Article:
Foundations’ Role in Informing Systemic Solutions

The large-scale impact of the FHA and HOLC offer another instructive moment for philanthropists aiming to advance systemic change. Together, the FHA and HOLC helped create all-white suburbs and largely Black cities. In doing so, policies first created under the New Deal also facilitated a movement of tax revenue from cities to suburbs, diminishing the ability of cities to pay for schools, infrastructure, and other public services. During the 1960s and onwards, cities suffered what historians call the “urban crisis,” as both white residents and businesses relocated to suburbs, driven by New Deal policy, creating impoverished cities that Black activists increasingly compared to colonies.

Philanthropists can assist policymakers in ensuring a just recovery by funding research into the inequities exposed by the COVID-19 pandemic. Foundations once were at the cutting-edge of supporting purposeful research on labor, poverty, and racism, which helped policymakers understand challenges on a systemic scale. Much of this work was self-consciously aimed at social justice. The Russell Sage Foundation, for example, sponsored Mary van Kleeck’s work on social insurance as well as John R. Commons’ studies of labor, both of which influenced how New Deal policymakers understood the problems before them — and their solutions. As Linsey McGoey has argued, donors need to fund “heterodox economic thinktanks or public universities” to inspire policy that can make our economy more just.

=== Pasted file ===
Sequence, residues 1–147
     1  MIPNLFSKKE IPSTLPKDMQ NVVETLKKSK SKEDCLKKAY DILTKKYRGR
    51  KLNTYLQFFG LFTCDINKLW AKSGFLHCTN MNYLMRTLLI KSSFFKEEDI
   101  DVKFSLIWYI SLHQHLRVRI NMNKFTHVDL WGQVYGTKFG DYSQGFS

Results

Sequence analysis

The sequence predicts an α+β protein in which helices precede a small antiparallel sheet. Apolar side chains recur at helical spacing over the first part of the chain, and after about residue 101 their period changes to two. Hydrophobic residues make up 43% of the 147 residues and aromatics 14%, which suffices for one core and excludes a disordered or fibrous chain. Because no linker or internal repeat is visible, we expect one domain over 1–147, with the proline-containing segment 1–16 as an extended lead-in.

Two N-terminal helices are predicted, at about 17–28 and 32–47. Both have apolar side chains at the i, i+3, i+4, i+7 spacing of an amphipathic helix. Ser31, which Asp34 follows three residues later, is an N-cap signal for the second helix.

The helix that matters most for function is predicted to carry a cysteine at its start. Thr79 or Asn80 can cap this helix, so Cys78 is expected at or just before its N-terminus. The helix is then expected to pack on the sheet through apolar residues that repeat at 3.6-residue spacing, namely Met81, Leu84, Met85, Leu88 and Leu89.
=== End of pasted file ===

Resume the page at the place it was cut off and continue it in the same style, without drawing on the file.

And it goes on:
However flawed, the New Deal ensured the economic security of millions of Americans as a right. However, because the government acquiesced to the preferences of the private sector, the New Deal also created inequalities in economic opportunity, denying women and people of color many of its most generous benefits. Our response to the COVID-19 pandemic should be as ambitious as Roosevelt’s landmark reforms — and careful not to repeat its mistakes.

Dr. Angela Jackson is a Managing Partner at New Profit and Micah McElroy is the Associate Director of Research at the Effective Philanthropy Learning Initiative at the Stanford Center on Philanthropy and Civil Society (PACS).